President Trump Fed CEO president Nick Tim Roche Steve Cohen Powell US Nancy Pelosi Don Mcgann Washington Mark Zuckerberg chairman Evan Spiegel Shen Tennessee China six percent
"nick tim roche" Discussed on News Talk 1130 WISN

News Talk 1130 WISN

02:26 min | 3 years ago

"nick tim roche" Discussed on News Talk 1130 WISN

"Why when i say major economic news i mean major because four months four months we were told that three percent economic growth was impossible take for example this segment on national public radio with host scott simon nick tim roche is national economics correspondent for the wall street journal joins us nurse studios thanks so much for being with us thanks for having me based on what you've learned three percent growth there's that seem confident optimistic or naive while it's extremely optimistic the professional forecasters at the congressional budge should office and the federal reserve see growth of a little less than two percent over the coming decade and that's where we've been for the past decade now presidents in their budget get to assume that all of their policies become law so you always see a little bit higher increase in the growth rate in the white house budgets but nothing that's quite diverge like this from the consensus viewers oh yes the consensus view is that three percent economic growth is impossible but simon then asked simon then asked nick tim arose well is it added normal for the us economy to grow at a three percent rate are there times in history when the us has had a growth rate of three percent yes it's been quite common i mean if you look back over the last two hundred years and the trump administration says the swede have grown up three percent and we we don't want to give to this idea that we now have a lower growth rates so wait a second it's rather common that the united states economy grows at three percent if only we could figure out out what might have happened in the eight years before trump took office that the united states did not see three percent growth a single time even more direct even a more to the point of how the media was circulating this idea the media is advancing this narrative that the trump it ministration was crazy for thinking that they could get two three percent economic growth stephanie rule at cnbccom demonstration clearly has keenly pulled growth on its mind three percent growth later american economies to some people an absurd assumption it used to be normal i think we can absolutely get to sustain three to four percent gdp we're bringing it from one percent up to four percent.

economic news scott simon nick tim roche wall street journal nick tim trump united states three percent four percent four months two hundred years two three percent eight years one percent two percent
"nick tim roche" Discussed on KQED Radio

KQED Radio

01:39 min | 3 years ago

"nick tim roche" Discussed on KQED Radio

"And more and increased military spending by ten percent doubted congress at the budget will pass without a lot of change all of the proposals bank a projection of three percent growth in the us economy by twenty twenty one nick tim roche's national economics correspondent for the wall street journal joins us nurse studios thanks so much for being with us thanks for having me based on what you've learned three percent growth researching confident optimistic or naive while it's extremely optimistic the professional forecasters at the congressional budget office and the federal reserve see growth of a little less than two percent over the coming decade and that's where we've been for the past decade now presidents in their budget to assume that all of their policies become law so you always see a little bit higher increase in the growth rate in the white house budgets but nothing that's quite diverge like this from the consensus viewers are there times in history when the us has had a growth rate of three percent yes it's been quite common i mean if you look back over the last two hundred years and the trump administration says this we have grown up three percent and we we don't want to given to this idea that we now have lower growth rate they see that is giving up the issue right now growth is the combination of your labour force how fast rallying workers to the economy and how productive those were hers or so labor force productivity has been slow for the last decade and the demographics in our country the aging of the baby boom means that the workforce is not growing as quickly as it used to those two things together explain why we've had two percent growth and demographics really baked.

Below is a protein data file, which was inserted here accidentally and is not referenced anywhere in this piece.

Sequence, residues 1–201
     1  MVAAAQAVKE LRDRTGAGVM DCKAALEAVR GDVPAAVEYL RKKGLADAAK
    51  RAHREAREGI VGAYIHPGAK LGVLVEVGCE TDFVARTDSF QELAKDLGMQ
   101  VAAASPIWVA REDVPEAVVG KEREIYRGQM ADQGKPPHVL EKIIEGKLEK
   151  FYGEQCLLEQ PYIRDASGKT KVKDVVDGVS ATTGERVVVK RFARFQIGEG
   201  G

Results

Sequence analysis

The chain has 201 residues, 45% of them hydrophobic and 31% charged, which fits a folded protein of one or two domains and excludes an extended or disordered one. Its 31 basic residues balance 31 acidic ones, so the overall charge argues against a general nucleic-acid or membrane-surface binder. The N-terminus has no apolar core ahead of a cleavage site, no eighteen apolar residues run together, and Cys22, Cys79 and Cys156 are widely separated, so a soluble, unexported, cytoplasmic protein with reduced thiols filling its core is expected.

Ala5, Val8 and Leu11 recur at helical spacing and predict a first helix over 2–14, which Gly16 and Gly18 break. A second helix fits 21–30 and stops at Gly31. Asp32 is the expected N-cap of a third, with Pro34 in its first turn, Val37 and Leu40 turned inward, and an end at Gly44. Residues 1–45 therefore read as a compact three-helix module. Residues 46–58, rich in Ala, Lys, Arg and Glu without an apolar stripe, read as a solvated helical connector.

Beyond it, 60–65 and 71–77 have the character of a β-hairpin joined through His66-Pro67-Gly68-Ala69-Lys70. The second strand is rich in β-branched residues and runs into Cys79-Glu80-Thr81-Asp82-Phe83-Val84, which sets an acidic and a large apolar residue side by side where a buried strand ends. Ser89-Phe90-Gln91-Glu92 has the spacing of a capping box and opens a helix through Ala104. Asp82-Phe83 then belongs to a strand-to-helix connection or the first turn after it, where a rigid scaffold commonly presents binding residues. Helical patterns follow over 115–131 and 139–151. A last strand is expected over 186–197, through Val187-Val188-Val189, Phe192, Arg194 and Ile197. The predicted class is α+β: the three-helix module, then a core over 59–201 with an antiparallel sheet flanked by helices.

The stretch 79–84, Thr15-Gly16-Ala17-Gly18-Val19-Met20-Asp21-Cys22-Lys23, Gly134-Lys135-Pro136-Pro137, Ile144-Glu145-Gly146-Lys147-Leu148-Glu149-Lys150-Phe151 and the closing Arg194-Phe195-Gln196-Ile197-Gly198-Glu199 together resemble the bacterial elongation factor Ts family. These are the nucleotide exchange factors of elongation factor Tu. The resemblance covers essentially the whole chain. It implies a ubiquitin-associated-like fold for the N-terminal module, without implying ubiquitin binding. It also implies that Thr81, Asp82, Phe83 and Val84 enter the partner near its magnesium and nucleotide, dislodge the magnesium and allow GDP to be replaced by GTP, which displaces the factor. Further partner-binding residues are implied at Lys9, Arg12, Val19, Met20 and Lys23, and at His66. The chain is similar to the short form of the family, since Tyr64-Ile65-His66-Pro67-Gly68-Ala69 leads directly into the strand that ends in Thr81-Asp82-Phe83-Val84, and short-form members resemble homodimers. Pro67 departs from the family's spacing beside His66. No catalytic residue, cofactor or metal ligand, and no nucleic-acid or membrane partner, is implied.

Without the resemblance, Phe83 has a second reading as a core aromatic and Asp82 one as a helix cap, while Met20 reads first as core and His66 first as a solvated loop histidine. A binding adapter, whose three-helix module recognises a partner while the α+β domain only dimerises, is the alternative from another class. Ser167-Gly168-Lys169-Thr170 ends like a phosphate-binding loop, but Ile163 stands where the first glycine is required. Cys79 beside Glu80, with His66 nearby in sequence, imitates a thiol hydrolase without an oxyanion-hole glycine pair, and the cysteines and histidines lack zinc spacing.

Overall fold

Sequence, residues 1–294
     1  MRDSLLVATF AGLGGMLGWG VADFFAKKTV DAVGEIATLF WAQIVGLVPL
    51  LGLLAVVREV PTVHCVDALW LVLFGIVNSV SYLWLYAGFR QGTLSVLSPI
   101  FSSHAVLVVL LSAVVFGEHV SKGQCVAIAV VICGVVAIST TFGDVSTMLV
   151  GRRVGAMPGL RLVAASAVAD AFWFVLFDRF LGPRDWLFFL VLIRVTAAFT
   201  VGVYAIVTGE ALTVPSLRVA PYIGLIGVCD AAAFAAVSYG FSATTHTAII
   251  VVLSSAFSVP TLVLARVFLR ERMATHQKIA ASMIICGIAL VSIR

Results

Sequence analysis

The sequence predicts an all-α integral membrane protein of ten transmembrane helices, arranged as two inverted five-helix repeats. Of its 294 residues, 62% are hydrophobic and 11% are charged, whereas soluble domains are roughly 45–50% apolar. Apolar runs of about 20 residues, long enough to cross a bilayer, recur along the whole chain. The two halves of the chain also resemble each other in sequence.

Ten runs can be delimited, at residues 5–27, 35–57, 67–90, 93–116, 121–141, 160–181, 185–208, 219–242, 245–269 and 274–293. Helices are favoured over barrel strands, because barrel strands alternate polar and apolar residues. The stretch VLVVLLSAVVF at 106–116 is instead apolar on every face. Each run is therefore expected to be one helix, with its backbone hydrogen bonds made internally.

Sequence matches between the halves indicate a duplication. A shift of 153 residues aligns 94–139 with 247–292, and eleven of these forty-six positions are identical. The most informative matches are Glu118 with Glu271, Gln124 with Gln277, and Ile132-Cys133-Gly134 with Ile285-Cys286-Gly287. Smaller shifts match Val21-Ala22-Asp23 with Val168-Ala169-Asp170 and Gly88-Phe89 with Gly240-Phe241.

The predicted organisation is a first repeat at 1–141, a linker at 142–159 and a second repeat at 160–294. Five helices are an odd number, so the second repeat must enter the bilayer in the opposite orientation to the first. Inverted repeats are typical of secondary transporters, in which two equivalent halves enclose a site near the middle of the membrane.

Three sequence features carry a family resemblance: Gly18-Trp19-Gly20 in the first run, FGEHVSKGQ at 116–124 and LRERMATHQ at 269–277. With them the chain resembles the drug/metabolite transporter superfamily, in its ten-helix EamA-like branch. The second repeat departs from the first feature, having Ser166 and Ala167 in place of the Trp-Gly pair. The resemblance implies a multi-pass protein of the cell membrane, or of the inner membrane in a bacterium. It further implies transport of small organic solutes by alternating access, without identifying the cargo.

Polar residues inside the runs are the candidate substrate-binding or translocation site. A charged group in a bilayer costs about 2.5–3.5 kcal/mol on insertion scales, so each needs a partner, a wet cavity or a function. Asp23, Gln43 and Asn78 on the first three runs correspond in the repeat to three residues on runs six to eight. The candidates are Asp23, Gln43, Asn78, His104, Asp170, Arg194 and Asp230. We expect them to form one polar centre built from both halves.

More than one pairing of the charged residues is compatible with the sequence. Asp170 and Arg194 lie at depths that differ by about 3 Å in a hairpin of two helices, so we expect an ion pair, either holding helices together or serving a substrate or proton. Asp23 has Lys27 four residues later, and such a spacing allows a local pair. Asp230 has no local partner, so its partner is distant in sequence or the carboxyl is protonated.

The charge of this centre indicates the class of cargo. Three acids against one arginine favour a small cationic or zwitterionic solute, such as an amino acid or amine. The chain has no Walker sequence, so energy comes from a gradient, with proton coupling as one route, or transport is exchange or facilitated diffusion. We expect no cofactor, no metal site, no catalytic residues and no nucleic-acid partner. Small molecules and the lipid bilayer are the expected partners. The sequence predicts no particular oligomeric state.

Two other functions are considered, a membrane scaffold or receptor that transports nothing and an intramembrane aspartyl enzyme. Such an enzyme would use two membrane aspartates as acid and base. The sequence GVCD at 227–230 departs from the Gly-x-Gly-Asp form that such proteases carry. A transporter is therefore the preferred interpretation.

congress nick tim roche wall street journal us twenty twenty three percent two percent two hundred years ten percent
"nick tim roche" Discussed on KQED Radio

KQED Radio

01:39 min | 3 years ago

"nick tim roche" Discussed on KQED Radio

"And more an increased military spending by ten percent doubted in congress with the budget will pass without a lot of change all of the proposals bank a projection of three percent growth in the us economy by twenty twenty one nick tim roche's national economics correspondent for the wall street journal joins us nurse studios thanks so much for being with us thanks for having me based on what you've learned three percent growth researching confident optimistic or naive while it's extremely optimistic the professional forecasters at the congressional budget office and the federal reserve see growth of a little less than two percent over the coming decade and that's where we've been for the past decade now presidents in their budget gift to assume that all of their policies become law so you always see a little bit higher increase in the growth rate in the white house budgets but nothing that's quite diverge like this from the consensus viewers are there times in history when the us has had a growth rate of three percent yes it's been quite common i mean if you look back over the last two hundred years and the trump administration says this we have grown up three percent and we we don't want to give him to this idea that we now have a lower growth rate they see that is giving up the issue right now growth is the combination of your labour force how fast rallying workers to the economy and how productive those were hers or so labor force productivity has been slow for the last decade and the demographics in our country the aging of the babyboom means that the workforce is not growing as quickly as it used to those two things together explain why we've had two percent growth and demographics really baked.

congress nick tim roche wall street journal us twenty twenty three percent two percent two hundred years ten percent